He seems to like how he looks in the robes of the misunderstood genius, possibly those of the martyr: “We used to burn people at the stake for coming up with truly original work and, tragically, one way or another throughout my life, I’ve tended to think ahead and come up with stuff that to me seems common sense but to other people seems way out and threatening.” Humble is not a word to associate with Allan Savory.

But hubris is: “You’ll find the scientific method never discovers anything. Observant, creative people [like me] make discoveries.”

Rather than using his TED talk to observantly and creatively broaden the critically important conversation about global warming to include all promising solutions, Savory—who routinely castigates mainstream science for being reductionist—reduces the discussion to this: “There is only one option. I repeat to you, only one option left to climatologists and scientists. And that is to do the unthinkable and to use livestock, bunched and moving, as a proxy for former herds and predators and mimic nature. There is no other alternative left to mankind.”

My way or the highway.

Less than two months after the talk, writer James McWilliams published a withering piece in Slate (“Why Allan Savory’s TED talk about how cattle can reverse global warming is dead wrong”) filled with damning objections to, caveats about, and refutations of Savory’s miracle cure. A herd of skeptical writers and scientists followed, trampling the green shoots of Savory’s ideas, cutting into the soil of his anecdotal proofs with the hooves of their analyses, fertilizing the rocky ground of his personality with abundant crapping.

On the TED Radio Hour, host Guy Raz confronts Savory with the credibility problem: “Your science has been challenged. Researchers have looked at the data—”

“No it hasn’t,” Savory interrupts. “They are challenging what I am not saying.”

Stupid scientists at their stupid universities with their stupid PhDs.

For his part, Savory keeps his distance from meritocratic academe, choosing rather to preach to the choir from the safer confines of his own pulpit. The Church of Savory has been housed under many roofs: The Center for Holistic Management (incarnated variously as the Allan Savory Center, the Savory Center, and Holistic Management International), the Africa Centre of Holistic Management, and the Savory Institute. For a while he was issuing communiqués on his blog, Allan Savory Uncensored.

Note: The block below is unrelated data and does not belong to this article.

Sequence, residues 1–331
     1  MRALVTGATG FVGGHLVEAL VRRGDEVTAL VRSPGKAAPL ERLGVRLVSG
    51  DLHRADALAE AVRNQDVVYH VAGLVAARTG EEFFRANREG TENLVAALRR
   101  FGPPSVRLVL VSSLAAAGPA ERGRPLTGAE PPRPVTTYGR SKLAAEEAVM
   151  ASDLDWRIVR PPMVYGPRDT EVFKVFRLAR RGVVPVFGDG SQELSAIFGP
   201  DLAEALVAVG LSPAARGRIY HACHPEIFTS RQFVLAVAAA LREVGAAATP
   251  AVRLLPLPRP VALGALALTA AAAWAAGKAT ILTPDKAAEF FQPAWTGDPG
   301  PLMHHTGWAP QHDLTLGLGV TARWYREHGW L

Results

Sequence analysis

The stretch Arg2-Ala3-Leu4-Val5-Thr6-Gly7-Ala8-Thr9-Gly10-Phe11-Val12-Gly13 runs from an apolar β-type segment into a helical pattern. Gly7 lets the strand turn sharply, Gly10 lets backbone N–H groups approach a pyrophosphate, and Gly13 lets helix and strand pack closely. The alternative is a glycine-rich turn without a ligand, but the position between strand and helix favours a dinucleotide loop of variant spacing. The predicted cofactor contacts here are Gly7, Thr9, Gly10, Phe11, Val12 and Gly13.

With so many reasons for the public to be wary, why does this dubious dogma remain so popular? In the first hundred seconds of his presentation Savory is explicit about what he’s selling: “I have for you a very simple message that offers more hope than you can imagine.” In our world, where it seems every research finding paints a bleaker picture of the planet’s future, the gloom gets to be so oppressive, so overwhelming, so dispiriting that we crave any glimmer, any vague promise of a brighter tomorrow. And “more hope than you can imagine”? When there’s that much hope, who needs to read the fine print?

Demagogues and charlatans have always followed this dictum: if you’re selling hope, sell it with as much passion and certitude as you can muster. When Guy Raz asks his guest, “You are as sure of [your grazing thesis] as you are sure that you were wrong about the elephants—you are that sure that you are right about this?”

Savory responds, “I would stake my life on it.”

And surely bwana would not miscalculate this time like bwana miscalculated before.

As his talk builds to its rousing finale, Savory reprises his seductive appeal to hopeful hearts: “I can think of almost nothing that offers more hope for our planet, for your children, and their children, and all of humanity. Thank you.”

The audience jumps to its feet, erupting with hoots, whistles, and zesty applause. After a sustained ovation, TED Curator Chris Anderson joins Savory on stage and gives voice to the crowd’s ardor when he says, “everyone here [. . .] wants to hug you.”  Savory basks in the moment, soaking in the adulation, the celebrity, the acceptance, the love.

“A sahib has got to act like a sahib,” Orwell wrote in his essay. “He has got to appear resolute, to know his own mind and do definite things.”

And sure enough, Savory does many definite things—he writes, gives speeches, makes videos, forms tax-exempt organizations. Desperately wanting others to agree with him, he endlessly rehashes the same arguments, shows the same before-and-after photos that prove (in his mind) how his vision is the planet’s one and only hope. The cottage industry that is Savory runs seminars, certifies “Accredited Professionals” (“credit will be given for participation in Savory Institute workshops and our online courses”), offers eco-tourism packages to Zimbabwe, sells books and hats and T-shirts and water bottles. But mostly, he’s eternally available at TED.com for the worried and frightened souls who go there each day by the thousands, fervent seekers desperate for an answer.

Savory imagines himself a seer, a visionary who, if only he were listened to, could save us all. Perhaps the most telling of his oracular insights, the one we should listen to, is this: “The information which fits our beliefs we see very quickly and easily. The data which does not fit our beliefs is almost invisible to us.”




Ross West writes about the media’s role in shaping (and sometimes warping) the public understanding of science. For eight years he was the University of Oregon’s science writer and editor in chief of its research magazine, Inquiry, before becoming senior managing editor at Oregon Quarterly (circ. 95,000). His writing has appeared widely in print publications (from Orion to the Journal of Recreational Linguistics) and on the websites The Satirist, Spank the Carp, and Brevity; and has been anthologized in Best of Dark Horse Presents; Illness & Grace, Terror & Transformation; and Best Essays Northwest. He served as text editor of the Atlas of Oregon and Atlas of Yellowstone.